It all began with my dad. It was June of 2009 and dad’s health had been going downhill for quite some time. He didn’t have energy, was looking pale and, as a good stubborn German man, refused to go to the doctor and had been refusing for months. I will never forget the Sunday that we had done a trip through the orchards and when mom and dad dropped me off, as usual, I invited them up to my condo which is on the second story. Dad flat out said “no” because he didn’t have the energy. I had gone over there a few days later and dad could hardly walk across the living room without stopping to gather his energy so he could keep going. He had turned into an old, old man in front of our eyes. My brother emailed me, asking if he needed to fly in from Washington state. I told him no…but I honestly didn’t think dad was going to make it. Later, he would tell us that he wasn’t sure he was going to live much longer.
A couple of weeks later I received a phone call while I was at work. It was my mom and my dad had driven himself to the ER from his part time job at a golf course. They had found a hernia and would have to do surgery. When they did the pre surgery blood tests, he came back severely anemic and ordered an upper and lower GI to find out where they internal bleeding was. Otherwise, why would you have such severe anemia? The gastroenterologist did the tests and told mom that they biopsied a portion of his upper GI but he was pretty sure it was Celiac Disease.
My mom is super resourceful so started doing research so when the test came back positive for Celiac Disease, she was ready to rock n roll. Everything got put into a box and I was the proud recipient of TONS of food. Mom started baking and cooking gluten free, dad was mad at the world. Here he was, in his 60’s. He was already a diabetic and had a thyroid condition…why this too? No bread, no pasta, no beer…Father’s Day was right around the corner so I did my due diligence as his daughter and found gluten free beer. It was no Bud Light but it worked!
We would later find out that all of these autoimmune diseases work hand in hand and when you have one, you are very likely to have another.
Mom’s research took her to find that if you have a relative with Celiac Disease, you have a 1 in 22 chance of having the disease too. A few months later I took a blood test and it came back positive for Celiac Disease. I spoke with my doctor and she told me that as long as I didn’t have the symptoms, to keep on living my life the way I was. (BTW, this is NOT correct. If you are diagnosed with Celiac Disease you must IMMEDIATELY start eating gluten free).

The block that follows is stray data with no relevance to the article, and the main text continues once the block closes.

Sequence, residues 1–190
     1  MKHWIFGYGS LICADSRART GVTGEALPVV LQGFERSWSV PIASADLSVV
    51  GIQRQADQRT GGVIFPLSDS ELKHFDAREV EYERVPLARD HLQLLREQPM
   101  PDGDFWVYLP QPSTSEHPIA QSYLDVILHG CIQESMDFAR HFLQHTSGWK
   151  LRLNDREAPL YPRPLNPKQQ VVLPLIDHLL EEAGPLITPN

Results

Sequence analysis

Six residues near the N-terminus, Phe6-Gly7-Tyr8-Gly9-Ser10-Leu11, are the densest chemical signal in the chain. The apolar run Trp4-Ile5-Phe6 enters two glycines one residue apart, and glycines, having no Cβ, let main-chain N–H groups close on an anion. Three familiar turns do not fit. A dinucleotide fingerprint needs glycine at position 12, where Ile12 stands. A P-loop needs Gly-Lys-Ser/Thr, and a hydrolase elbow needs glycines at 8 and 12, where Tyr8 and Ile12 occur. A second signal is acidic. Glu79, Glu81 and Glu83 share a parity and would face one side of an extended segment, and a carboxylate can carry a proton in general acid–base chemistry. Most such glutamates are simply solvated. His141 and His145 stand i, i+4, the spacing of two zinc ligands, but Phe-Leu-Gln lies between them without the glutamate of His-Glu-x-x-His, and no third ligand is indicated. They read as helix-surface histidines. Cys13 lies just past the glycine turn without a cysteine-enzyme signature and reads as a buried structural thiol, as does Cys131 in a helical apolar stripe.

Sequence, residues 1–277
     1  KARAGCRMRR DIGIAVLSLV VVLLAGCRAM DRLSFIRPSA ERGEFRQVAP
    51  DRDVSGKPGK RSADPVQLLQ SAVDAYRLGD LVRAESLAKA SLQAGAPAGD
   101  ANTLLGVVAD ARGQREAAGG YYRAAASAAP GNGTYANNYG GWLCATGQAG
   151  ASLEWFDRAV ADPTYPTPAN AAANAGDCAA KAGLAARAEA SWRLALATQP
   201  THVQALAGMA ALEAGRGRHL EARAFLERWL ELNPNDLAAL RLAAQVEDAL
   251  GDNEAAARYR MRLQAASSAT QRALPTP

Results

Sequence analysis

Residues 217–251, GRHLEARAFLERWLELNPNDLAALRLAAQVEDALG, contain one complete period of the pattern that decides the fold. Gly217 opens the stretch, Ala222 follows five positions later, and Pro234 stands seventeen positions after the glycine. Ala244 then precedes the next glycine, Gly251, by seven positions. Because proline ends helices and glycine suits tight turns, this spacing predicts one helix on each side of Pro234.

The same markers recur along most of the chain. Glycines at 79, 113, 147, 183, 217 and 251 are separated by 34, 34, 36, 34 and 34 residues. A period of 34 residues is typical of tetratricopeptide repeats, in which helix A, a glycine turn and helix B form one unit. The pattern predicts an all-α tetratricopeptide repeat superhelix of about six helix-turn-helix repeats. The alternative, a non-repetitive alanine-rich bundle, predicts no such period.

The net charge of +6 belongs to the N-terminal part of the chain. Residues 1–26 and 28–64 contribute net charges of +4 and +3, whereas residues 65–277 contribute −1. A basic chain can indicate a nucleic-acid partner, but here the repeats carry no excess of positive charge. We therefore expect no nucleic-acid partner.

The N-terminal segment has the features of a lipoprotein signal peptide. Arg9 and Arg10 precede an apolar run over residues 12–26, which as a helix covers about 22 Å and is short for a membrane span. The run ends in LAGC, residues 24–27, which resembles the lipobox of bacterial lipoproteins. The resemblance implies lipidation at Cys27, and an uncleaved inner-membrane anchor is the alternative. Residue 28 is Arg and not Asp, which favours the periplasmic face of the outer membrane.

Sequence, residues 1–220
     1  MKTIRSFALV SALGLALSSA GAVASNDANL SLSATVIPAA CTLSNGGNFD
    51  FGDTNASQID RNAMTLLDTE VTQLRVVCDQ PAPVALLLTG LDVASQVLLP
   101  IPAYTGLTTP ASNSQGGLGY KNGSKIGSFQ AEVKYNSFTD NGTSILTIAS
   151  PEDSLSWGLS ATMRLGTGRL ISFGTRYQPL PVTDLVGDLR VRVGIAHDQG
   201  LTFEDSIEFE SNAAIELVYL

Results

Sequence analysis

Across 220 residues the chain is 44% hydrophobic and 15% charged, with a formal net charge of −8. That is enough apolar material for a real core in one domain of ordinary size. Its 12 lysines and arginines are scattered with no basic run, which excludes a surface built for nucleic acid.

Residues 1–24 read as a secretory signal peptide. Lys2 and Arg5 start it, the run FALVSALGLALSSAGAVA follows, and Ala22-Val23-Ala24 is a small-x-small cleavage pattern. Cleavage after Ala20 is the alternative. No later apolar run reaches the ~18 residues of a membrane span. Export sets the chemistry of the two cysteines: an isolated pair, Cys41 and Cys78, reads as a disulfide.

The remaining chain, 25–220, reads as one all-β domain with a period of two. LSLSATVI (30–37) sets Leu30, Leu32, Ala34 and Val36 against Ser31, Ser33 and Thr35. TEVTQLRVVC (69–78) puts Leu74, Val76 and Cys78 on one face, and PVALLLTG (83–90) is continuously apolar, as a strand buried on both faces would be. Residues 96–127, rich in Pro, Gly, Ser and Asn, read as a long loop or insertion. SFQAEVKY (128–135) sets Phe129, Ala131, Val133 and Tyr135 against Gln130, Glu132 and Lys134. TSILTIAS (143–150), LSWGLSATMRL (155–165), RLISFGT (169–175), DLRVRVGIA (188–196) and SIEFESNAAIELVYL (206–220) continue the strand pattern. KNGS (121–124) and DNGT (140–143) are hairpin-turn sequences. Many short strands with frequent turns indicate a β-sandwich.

As time went on, I starting having symptoms. I had always been anemic but now I was having intestinal issues. I would eat and then head straight to the bathroom because it went through me so fast. I would have severe cramps and would go home and just curl up on my couch, praying they would go away. I was bloated and had no energy.
I finally decided it was time to go gluten free. Should be easy, right? My mom and dad had just gone through it and I was sure it would be easier for me.
I went through the purging process as well, taking food out of my pantry and donating it or giving to it friends. I then headed to the grocery store, Vitamin Cottage, actually. I will NEVER forget standing in the pasta aisle, looking at the mac and cheese and wondering which box of $5 mac and cheese was actually any good. Which $6 pasta was any good. I was overwhelmed and, before I could start crying, I bought a box of mac and cheese and went home. It was overwhelming and I cried all the way home. The mac and cheese sucked. It was expensive so I ate it all and cried more.
The next day I put on my big girl panties and went to City Market. I bought a few things because a girl’s gotta eat. I asked mom for help. I tried things and figured out which ones weren’t good, although I’d eat it anyway because GF food is EXPENSIVE. Most breads were only good for toast, buns were hard, eating out was horrible and still can be bad. It was FRUSTRATING.
But I’ve lived and I’ve figured out what is good, what isn’t, where is safe to eat, where make my tummy hurt and in this, I’ve found friends who are going through the same thing. It’s so much easier when you have people who know exactly what you are going through.
And that’s my journey, so far. I know there is more to do, this is my platform and there are many more people who feel alone in this world, or who haven’t been diagnosed with Celiac although they’ve been diagnosed with everything under the sun. And the true cause is Celiac Disease.
I ask that if you know someone who has Celiac Disease and feels alone in the world, share this blog. If you have a question for me, ask. I’m here to help, I’m going on this journey for a reason.